Local traders say around 200 Indian trucks used to enter Bangladesh through the land port area daily but these days, only 20 to 30 trucks enter due to the dilapidated road condition
Full of pits and potholes, the approach road to Sonahat Land Port in Kurigram's Bhurungamari upazila has started to resemble the Moon's surface.
Local traders, who are the worst hit, say their repeated complaints to authorities about the poor condition of the 3.43km stretch from Sonahat Bridge to the port, which deteriorates further during monsoon, have only fallen on deaf ears.
As the 18th land port of the country, the Sonahat facility was unveiled in 2016, ushering in a ray of hope that the zone would be another trade hub of the country. But four years on, authorities have not been able to construct a smooth approach road — a basic civic amenity.
Traders say exports and imports have been falling by the day as only a few freight trucks enter Bangladesh from India through the port. And those which enter often get stuck in potholes and pits.
The Roads and Highways Department started road construction work on December 5 last year, being financed by the Asian Development Bank.
A whopping Tk44.62 crore was allocated for the construction of the 43km road from Kurigram to the land port. Local construction farm Mojahar Enterprise was assigned for the road construction work. But nothing has changed on the ground.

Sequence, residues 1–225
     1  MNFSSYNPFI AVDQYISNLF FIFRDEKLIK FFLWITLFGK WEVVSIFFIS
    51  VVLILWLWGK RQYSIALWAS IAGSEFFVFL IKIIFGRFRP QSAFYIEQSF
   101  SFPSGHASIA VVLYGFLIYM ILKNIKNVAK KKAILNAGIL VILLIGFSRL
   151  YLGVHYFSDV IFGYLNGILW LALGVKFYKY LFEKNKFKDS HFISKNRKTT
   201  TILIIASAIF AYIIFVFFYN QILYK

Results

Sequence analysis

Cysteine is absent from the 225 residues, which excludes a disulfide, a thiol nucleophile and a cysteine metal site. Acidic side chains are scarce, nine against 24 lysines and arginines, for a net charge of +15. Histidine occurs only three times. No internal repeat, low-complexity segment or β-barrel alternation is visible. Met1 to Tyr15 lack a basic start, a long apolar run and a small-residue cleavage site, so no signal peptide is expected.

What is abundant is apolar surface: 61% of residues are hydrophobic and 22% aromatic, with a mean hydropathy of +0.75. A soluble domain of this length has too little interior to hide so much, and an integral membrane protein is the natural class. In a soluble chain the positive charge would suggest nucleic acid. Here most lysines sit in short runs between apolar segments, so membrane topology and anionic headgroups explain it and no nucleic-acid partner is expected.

Local traders say around 200 Indian trucks used to enter Bangladesh through the land port area daily. “But, these days, only 20 to 30 trucks come from India due to the dilapidated condition of the road,” a trader said.
Rajab Ali, a shopkeeper in the area, vented out his anger. "My business is suffering as people refrain from using the road due to its poor condition. Road construction is taking place but at a snail's pace," he said.
Indian truck drivers also expressed anger over the poor state of the road.
Abul Hossain, an Indian driver, said goods laden trucks frequently suffer a breakdown on the road. “That is why we refrain from entering Bangladesh through this road,” he added.
Abdur Razzaque, general secretary of the Importers and Exporters Association, blamed negligence on part of the contractor and the authorities in getting a road done in four years.
“Although we’ve repeatedly informed the authorities about the issue, no concrete steps have been taken yet. As a result, the traders are badly affected and the government is also losing revenue,” he said.
When contacted, Ali Nurain, executive engineer of the Roads and Highways Department of Kurigram, said construction work will start soon.
Despite repeated attempts, the construction firm could not be reached.